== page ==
Rudy Gay won a lot of fans over when he first went to Toronto, but since then he has burned through a lot of that capital he built up. Gay is scoring 19.8 points a game but is shooting just 39 percent overall and 23.3 percent from three. Sorry to tell you this Raptors fans, but this is the real Rudy Gay — a lot of inefficient points. Moments of brilliance and he can defend, but consistency is not a strong suit.
The Raptors have him locked up for next season at $17.9 million. Gay has a player option (at $19.3 million) for the season after that. But the Raptors don’t want to risk losing him then.
This summer the Raptors are going to offer Gay a contract extension to his current deal, reports Marc Spears at Yahoo Sports (in an article where Gay says Memphis never really gave him the chance he wanted).
The struggling Raptors appear to believe in Gay. General manager Bryan Colangelo already views him as the face of the franchise, and a source said he will likely offer a contract extension in the offseason. Toronto is in need of star power since the departure of Chris Bosh and the demise of Andrea Bargnani, the former No. 1 draft pick. Attempts will be made to move Bargnani this summer for a proven scoring post player, sources said.
“I needed a change,” Gay said of the trade. “I needed a new situation. A new task. I needed a new task with something I could grasp, something I could take over. I need to be challenged. I was challenged in Memphis, but it was tug of war at times. Here I’m being challenged and they’re seeing what I’m made of.”
Yes, they are seeing what Rudy Gay is made of, and that should give GM Colangelo pause here. There is a sense in Toronto they have to overpay to get talent to come there. Maybe to a degree it’s true. But if you’re going to pay that much you need to get value for that money.
Does Gay provide that? Really?
Also, good luck trading Bargnani this summer. There is no market for that guy, let alone for a “proven scoring post player.”
The second round was supposed to be when things got exciting. Instead, the San Antonio Spurs put on an absolute clinic at home, blowing out the Oklahoma City Thunder, 124-92 to take a 1-0 series lead.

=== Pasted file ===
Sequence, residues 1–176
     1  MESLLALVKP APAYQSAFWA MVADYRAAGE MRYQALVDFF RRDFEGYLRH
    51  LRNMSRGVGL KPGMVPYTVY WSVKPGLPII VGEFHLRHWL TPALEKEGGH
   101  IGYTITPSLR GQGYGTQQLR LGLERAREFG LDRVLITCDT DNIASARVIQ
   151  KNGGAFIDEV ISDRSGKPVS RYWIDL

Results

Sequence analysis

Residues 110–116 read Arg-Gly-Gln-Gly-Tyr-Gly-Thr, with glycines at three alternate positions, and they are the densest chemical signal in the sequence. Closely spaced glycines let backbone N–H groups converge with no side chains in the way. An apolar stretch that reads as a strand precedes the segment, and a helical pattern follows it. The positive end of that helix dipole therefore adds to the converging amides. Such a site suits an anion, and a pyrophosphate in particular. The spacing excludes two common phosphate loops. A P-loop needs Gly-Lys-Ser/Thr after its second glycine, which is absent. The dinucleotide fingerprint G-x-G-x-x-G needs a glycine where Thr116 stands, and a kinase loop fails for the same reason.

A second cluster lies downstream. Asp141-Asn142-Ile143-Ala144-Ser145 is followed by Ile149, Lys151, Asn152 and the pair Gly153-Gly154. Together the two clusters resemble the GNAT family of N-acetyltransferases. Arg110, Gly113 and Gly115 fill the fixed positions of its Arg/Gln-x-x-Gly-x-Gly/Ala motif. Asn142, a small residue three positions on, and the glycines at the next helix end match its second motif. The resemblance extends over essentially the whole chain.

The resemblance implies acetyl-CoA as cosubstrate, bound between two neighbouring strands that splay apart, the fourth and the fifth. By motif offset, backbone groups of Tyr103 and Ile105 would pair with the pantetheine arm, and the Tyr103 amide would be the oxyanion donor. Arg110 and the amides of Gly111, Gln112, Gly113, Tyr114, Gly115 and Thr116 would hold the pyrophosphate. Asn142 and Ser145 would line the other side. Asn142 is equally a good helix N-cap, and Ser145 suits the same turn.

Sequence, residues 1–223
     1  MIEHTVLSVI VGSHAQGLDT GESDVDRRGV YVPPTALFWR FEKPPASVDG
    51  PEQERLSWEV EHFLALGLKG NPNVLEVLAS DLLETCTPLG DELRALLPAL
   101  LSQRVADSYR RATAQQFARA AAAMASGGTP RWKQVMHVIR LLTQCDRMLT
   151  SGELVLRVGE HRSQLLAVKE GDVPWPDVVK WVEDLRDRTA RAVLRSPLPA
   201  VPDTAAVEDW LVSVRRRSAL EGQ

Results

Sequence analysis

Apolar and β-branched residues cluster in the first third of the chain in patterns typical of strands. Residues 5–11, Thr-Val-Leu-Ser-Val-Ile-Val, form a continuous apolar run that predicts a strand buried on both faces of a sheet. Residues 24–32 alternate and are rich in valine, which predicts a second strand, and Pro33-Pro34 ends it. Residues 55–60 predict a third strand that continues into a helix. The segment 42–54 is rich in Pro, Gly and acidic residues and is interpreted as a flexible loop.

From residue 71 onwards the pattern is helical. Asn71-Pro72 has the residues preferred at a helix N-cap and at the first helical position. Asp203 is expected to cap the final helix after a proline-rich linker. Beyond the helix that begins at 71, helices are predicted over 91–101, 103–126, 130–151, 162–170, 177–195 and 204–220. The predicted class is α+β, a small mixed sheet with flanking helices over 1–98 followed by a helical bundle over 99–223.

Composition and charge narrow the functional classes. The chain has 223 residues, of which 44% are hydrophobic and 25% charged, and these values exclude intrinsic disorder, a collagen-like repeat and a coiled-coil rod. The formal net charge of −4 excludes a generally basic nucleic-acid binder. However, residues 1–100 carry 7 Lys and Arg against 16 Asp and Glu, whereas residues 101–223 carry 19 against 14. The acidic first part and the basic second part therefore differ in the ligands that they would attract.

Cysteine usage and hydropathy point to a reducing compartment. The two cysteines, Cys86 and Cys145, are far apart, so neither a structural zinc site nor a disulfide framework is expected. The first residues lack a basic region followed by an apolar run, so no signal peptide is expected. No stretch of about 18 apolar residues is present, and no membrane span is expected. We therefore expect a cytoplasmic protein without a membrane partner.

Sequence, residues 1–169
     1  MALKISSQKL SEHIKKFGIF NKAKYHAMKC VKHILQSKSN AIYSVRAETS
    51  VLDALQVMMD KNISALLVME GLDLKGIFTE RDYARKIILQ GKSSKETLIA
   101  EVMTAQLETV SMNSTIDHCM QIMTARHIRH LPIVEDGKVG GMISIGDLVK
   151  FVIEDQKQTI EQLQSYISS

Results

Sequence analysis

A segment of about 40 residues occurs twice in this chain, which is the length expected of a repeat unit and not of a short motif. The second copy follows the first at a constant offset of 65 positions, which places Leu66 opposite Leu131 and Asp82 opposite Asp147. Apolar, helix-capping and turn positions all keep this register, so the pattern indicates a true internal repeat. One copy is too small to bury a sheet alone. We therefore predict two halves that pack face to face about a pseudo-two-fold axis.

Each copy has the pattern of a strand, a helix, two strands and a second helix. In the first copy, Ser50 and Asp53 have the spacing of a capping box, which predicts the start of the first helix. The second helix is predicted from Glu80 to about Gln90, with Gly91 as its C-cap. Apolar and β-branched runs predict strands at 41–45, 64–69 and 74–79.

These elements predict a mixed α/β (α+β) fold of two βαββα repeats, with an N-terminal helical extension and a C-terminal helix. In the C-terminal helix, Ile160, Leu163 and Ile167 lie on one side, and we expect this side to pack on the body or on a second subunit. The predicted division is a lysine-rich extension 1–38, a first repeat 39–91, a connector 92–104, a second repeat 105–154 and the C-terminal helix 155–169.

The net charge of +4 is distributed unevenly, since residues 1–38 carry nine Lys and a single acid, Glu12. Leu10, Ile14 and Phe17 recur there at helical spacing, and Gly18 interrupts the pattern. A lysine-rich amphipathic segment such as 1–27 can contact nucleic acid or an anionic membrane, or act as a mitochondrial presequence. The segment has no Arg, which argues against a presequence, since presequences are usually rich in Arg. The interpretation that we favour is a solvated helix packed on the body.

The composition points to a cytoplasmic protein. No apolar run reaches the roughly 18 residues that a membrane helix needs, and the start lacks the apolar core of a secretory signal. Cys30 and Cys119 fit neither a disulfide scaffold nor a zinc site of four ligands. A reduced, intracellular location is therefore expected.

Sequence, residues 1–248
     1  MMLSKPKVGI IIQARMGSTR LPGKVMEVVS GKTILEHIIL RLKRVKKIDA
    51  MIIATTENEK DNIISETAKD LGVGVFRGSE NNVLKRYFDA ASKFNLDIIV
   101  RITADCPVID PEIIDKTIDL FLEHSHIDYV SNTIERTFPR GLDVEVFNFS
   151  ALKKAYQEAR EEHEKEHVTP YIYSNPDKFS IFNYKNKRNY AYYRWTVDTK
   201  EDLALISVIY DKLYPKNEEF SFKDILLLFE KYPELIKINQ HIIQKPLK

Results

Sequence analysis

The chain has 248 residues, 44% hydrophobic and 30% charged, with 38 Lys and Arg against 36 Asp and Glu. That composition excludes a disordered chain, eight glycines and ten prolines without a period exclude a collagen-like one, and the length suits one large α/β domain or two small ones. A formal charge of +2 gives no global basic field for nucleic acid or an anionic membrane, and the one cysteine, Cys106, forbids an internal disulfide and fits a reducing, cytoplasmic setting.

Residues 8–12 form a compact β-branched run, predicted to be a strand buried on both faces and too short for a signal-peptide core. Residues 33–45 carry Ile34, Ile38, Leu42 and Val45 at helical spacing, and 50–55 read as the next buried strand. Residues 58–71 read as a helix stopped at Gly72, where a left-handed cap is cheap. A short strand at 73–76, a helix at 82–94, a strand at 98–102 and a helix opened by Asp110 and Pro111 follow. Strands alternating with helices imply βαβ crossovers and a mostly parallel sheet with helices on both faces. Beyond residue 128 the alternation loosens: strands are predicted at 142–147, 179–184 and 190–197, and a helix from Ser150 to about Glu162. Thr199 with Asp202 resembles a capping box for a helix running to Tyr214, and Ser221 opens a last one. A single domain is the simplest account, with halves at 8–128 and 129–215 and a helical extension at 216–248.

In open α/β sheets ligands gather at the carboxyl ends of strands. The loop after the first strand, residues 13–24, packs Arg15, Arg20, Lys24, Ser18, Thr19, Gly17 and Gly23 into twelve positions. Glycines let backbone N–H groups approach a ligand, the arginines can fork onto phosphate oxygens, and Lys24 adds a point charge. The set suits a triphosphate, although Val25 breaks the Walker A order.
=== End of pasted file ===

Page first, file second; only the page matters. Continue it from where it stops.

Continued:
Just about everything went in for San Antonio, particularly for LaMarcus Aldridge and Kawhi Leonard, who combined for 63 points. How dominant were they?
Aldridge in particular got anything he wanted against the Thunder. Oklahoma City’s stars were quiet, with Kevin Durant scoring just 16 points and Russell Westbrook 14. San Antonio controlled the game from the start and Oklahoma City never recovered from the opening punch.
It’s hard to imagine Durant and Westbrook are this ineffective again, and hopefully the rest of this series will be a little more competitive. But the Spurs did what the Spurs do, and did nothing to shake the feeling that they’re the favorites to win the west, now that Stephen Curry‘s status is unknown.
ATLANTA (AP) A year ago, Atlanta’s magical season ended with a resounding sweep by Cleveland in the Eastern Conference final.
Now, the Hawks have another shot at LeBron James and the Cavaliers.
Feeling confident after an opening-round victory over Boston, the Hawks returned to practice Saturday to begin preparations for the best-of-seven series.
Game 1 is Monday night in Cleveland.
The Hawks were the top-seeded team in the East last season after a record 60-win campaign. It didn’t do them much good against the Cavaliers, who steamrolled Atlanta in four straight games.
Even though they slipped to 48 wins and fourth in the conference, the Hawks actually sound a bit more confident heading into this matchup, largely because of their improved defense and rebounding.
For the second consecutive year, the Warriors have lost their lead assistant to another team. When the Pelicans hired Alvin Gentry during last year’s playoffs, Steve Kerr promoted Luke Walton to associate head coach and added former journeyman big man Jarron Collins to the bench. Now that Walton is headed to the Lakers as their next head coach, the Warriors will go outside the organization to find a replacement, according to ESPN.com’s Marc Stein. And one name that will likely not be in the mix is David Blatt, who very nearly became an assistant under Kerr in 2014 before being offered the Cavaliers’ head job.
Given Walton’s success this season as interim head coach while Kerr recovered from back surgery, this will undoubtedly be the most attractive assistant job in the league.
In the last few years, NBA head coaching salaries have skyrocketed, and new Lakers coach Luke Walton is no exception. According to the Los Angeles Times‘ Mike Bresnahan, Walton is getting $25 million over five years, which is the same as Steve Kerr’s deal with the Warriors, now-former Knicks coach Derek Fisher’s deal in New York, and Fred Hoiberg’s deal with the Bulls.
This kind of money has become standard for head coaches who don’t also have front-office power. Tom Thibodeau and Stan Van Gundy both get between $7 and $8 million annually to do both jobs. Given how good Walton’s current situation with the Warriors is, the Lakers probably had to be on the high end of the coaching spectrum to get him to leave.